Located 9 miles (15 kilometers) from central Beijing, this World Heritage Site is a popular tourist attraction. The Summer Palace is a breathtaking display of ancient art and architecture, lush royal gardens and amazing views. The Palace consists of numerous pavilions, towers, bridges and corridors and the gardens are some of the best preserved in China. First built in the Qing Dynasty in 1750 and known as the Garden of Clear Ripples, the Palace was almost completely destroyed in the war of 1860 and was restored in 1886. The Summer Palace is also known for its impressive 17-arch bridge and the Long Corridor decorated with brightly-colored paintings.
Located near the National Library of China, the Purple Bamboo Park, sometimes called Black Bamboo Park, is a traditionally landscaped garden. As the name suggests, the garden has a large variety of bamboo, more than 50 species all together, with the most prominent being the black bamboo. It covers an area of 14 hectares (34.5 acres), including three lakes and two small islands on the lakes. Five arched bridges connect the lakes, isles and main garden area and there are scattered corridors and pavilions throughout.
Tiananmen Square is one of the largest public squares in the world. The square is surrounded by a cluster of massive buildings including Tiananmen Gate, The Forbidden City, the Great Hall of the People, The Monument of the People's Heroes and the Mao Ze Dong Mausoleum. The original square was built in 1651, though it has undergone extensive expansion since then. The square has figured in many historical events; Mao Zedong announced the founding of the People's Republic there in 1949, and in 1989 the area was the site of the famous Tiananmen Square Protests, a pro-democracy movement that ended in the deaths of many civilians. Today, visitors can walk through the square and learn more about its turbulent history. Â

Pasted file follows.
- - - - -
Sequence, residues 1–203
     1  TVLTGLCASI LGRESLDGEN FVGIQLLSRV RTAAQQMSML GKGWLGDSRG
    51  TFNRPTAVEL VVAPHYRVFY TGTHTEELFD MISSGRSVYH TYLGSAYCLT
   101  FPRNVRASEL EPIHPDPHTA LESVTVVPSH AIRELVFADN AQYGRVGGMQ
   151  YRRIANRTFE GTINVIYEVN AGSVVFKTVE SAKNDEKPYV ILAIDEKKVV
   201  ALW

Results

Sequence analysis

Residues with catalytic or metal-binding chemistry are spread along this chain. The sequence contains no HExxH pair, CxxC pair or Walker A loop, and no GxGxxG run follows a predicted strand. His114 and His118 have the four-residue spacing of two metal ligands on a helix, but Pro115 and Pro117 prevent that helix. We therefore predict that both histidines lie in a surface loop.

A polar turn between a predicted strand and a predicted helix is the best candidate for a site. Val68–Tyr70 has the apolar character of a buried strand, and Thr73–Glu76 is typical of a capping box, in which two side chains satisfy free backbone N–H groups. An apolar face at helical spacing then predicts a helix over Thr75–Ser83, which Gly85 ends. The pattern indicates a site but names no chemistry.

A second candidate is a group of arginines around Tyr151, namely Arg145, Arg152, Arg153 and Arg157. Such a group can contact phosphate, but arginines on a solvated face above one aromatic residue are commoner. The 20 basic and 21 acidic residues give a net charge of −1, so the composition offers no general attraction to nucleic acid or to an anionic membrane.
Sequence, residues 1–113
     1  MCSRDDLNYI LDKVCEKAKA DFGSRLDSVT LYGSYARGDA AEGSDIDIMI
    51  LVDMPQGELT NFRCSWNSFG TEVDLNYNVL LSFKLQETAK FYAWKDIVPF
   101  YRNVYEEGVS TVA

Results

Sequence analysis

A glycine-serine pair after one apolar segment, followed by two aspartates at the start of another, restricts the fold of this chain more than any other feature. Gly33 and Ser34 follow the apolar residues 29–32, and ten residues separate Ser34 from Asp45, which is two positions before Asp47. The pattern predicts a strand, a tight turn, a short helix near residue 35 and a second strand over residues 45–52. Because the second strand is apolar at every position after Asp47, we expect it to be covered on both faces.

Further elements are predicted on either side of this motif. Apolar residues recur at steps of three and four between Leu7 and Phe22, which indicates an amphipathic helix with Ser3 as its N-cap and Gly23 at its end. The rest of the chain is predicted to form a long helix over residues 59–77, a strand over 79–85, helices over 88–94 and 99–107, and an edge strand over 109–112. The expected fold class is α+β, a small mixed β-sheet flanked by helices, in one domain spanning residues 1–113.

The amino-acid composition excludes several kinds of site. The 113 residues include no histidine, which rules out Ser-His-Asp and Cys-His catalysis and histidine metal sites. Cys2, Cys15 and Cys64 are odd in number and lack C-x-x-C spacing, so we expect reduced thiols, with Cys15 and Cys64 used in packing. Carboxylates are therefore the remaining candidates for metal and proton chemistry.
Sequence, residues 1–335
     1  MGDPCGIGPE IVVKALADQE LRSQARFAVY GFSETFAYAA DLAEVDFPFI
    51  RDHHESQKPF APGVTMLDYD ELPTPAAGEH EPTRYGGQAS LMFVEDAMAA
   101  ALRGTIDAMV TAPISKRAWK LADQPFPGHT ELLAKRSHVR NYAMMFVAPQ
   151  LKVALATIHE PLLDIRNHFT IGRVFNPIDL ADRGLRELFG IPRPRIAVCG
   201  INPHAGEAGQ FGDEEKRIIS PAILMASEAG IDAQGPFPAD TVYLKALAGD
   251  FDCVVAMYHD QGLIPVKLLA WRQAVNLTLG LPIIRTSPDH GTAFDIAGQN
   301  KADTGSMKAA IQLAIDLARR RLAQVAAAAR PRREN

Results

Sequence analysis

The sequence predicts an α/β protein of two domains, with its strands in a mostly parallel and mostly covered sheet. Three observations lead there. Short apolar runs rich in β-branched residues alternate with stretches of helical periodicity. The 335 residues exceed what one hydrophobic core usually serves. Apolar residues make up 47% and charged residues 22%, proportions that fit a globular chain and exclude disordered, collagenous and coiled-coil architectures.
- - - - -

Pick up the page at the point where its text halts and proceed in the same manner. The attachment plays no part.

A national symbol and historical monument, the Tiananmen Gate is the central heartbeat of the bustling capital, Beijing. Meaning the 'Gate of Heavenly Peace', the Tiananmen Gate was first erected in during the reign of the Ming Dynasty in 1420. Serving as the gateway to the Forbidden City, the gate features two regal lion statues meant to ward off evil spirits. Grand ceremonies, rituals and political speeches have taken place here over the centuries and thus it serves as an integral part of the nation.
Spanning 564,000 square meters, the Beijing Botanical Garden is a very large breath of fresh air away from the hustle and bustle of the city center. The park was established in 1955 and includes dozens of gardens and several Buddhist temples. 6,000 different species of plants call the park home, including 500 species of flowers that are truly a sight to behold. Visitors can wander through the serene gardens, explore the inner workings of the hothouses, and enjoy a peaceful afternoon sitting by the park's waterfalls and ponds. Â
One of Beijing's greatest gems, the Forbidden City is a national treasure. Constructed in 1420, this must-see historical attraction was once the imperial residence for both the Ming and Qing Dynasties. It is called the forbidden city because no one was allowed to enter or leave the city without the emperor's permission. The sprawling complex contains over 70 structures with more than 9000 rooms containing priceless artifacts and relics. The palace was turned into a museum during the early 20th Century and offers great insight into China's past. While throngs of visitors come through each day, the royal gardens area is surprisingly calm and quiet. Enter this giant complex through the impressive Tiananmen Gate.